Workforce Planning Portal
STEP FOUR: IMPLEMENTATION
The Workforce Planning (WFP) model and the Tools used to implement the WFP steps are based on an integrated competency–based human resources model (PDF file). Although this phrase may sound intimidating – particularly to those who are not HR professionals – the concepts underlying the model are intuitive and straightforward.
- Tool Kit – Identifying a Competency Model for the Jobs in your Organization (Microsoft Word form)
- Complete Competency Library (PDF)
- Sample - Position Description Template and Guidelines (Microsoft Word form)
- Meeting Facilitator Guide: Competency Identification Focus Group (Microsoft Word form)
- Meeting Facilitator Guide: Competency Evaluation Focus Group (Microsoft Word form)
- Form - Competency Evaluation (Microsoft Word form)
What are competencies and why are they important?
We define competencies as the knowledge, skills, behaviors, personal attributes and other characteristics that are associated with or predictive of superior job performance. Examples of competencies include Decision Making, Influence, Stress Tolerance and Teamwork.
The ability to pinpoint the characteristics that differentiate the average worker from the exemplary worker is fundamental to a competency-based system.
Isn't having the right educational background and experience really important?
Having specific technical knowledge, education and experience is important, but it is not what usually distinguishes between average and superior performance. Having the right academic training and technical skills are often the threshold requirements for the job, serving as minimum credentials to make it through the screening process.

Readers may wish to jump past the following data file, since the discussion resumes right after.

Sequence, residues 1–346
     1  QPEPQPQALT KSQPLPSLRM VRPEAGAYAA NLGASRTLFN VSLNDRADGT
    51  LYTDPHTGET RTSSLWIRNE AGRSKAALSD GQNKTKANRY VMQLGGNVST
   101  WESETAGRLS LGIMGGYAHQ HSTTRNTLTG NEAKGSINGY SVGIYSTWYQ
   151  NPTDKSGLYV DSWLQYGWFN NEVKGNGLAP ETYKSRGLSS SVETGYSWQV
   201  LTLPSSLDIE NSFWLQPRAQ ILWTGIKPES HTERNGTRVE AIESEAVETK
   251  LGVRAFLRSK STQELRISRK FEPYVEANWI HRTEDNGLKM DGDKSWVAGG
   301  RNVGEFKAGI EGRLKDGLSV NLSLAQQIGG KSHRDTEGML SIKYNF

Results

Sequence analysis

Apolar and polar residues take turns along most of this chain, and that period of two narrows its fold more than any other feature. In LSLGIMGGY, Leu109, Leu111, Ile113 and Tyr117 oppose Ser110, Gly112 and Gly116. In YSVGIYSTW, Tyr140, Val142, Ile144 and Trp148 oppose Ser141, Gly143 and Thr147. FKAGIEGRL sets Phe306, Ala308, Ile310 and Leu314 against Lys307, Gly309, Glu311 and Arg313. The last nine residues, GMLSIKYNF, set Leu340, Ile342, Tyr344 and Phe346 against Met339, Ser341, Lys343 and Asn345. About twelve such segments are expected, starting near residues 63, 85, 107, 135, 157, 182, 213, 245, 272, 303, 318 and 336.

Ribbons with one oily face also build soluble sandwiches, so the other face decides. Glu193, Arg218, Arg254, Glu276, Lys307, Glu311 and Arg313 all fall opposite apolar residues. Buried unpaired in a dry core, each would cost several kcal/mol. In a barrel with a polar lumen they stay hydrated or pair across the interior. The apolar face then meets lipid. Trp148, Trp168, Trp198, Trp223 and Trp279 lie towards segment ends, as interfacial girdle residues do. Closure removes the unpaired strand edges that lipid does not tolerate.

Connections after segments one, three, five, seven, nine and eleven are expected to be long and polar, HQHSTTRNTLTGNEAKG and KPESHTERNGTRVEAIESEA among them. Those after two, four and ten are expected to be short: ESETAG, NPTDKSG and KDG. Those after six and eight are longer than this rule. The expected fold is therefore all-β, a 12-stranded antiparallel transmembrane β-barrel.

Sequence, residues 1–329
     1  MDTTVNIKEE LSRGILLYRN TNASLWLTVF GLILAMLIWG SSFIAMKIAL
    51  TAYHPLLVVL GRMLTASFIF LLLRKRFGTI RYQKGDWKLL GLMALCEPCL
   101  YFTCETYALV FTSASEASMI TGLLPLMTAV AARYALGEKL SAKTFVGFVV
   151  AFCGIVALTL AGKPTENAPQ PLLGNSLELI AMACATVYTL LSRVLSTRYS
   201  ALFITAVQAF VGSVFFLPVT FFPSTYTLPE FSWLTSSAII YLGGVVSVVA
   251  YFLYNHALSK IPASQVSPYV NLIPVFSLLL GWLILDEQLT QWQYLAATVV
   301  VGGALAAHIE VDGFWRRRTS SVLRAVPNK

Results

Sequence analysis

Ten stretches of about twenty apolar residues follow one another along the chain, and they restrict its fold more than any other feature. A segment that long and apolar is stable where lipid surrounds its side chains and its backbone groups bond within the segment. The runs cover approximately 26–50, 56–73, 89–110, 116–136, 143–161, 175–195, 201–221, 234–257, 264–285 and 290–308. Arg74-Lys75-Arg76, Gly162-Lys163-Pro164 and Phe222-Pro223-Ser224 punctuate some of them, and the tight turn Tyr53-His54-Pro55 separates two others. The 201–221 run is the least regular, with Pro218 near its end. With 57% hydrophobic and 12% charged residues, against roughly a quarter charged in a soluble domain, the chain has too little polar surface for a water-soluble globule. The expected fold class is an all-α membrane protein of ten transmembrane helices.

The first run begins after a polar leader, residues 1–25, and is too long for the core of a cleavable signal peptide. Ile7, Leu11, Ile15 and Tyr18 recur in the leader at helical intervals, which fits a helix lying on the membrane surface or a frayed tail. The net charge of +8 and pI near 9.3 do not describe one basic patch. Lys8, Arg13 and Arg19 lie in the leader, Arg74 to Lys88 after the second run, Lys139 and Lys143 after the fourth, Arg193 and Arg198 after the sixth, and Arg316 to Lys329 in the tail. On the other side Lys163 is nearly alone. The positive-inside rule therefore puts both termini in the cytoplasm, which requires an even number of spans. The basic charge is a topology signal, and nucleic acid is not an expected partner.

However, those with the strongest technical skills - and even prior experience - are not necessarily the best performers. For example, an employee with the greatest knowledge of social work principles and the most years of experience will not be among the best workers unless they are also able to make good decisions, be a productive contributor to the team, and form constructive relationships with their clients.
How do competencies tie into our gap-closing strategies?
The competencies you identify as being critical to successful performance in your targeted classification/s will serve as the foundation for your gap-closing strategies. You will use these competencies when you design your gap-closing strategies for all your HR processes, including employee selection, performance management and professional development.
For example, if you determine that Communication is a critical competency that your Child Welfare Caseworkers need to improve (a competency gap), you can:
- Employee Selection: Select new workers who are skilled in Communication by developing interview questions that will help you learn whether applicants possess this skill
- Performance Management: Target Communication in caseworkers' performance management plans and identify actionable guideposts related to it in order to track improvement
- Professional Development: Identify specific training and development resources related to Communication in caseworkers' performance management plans
> STEP FIVE: EVALUATION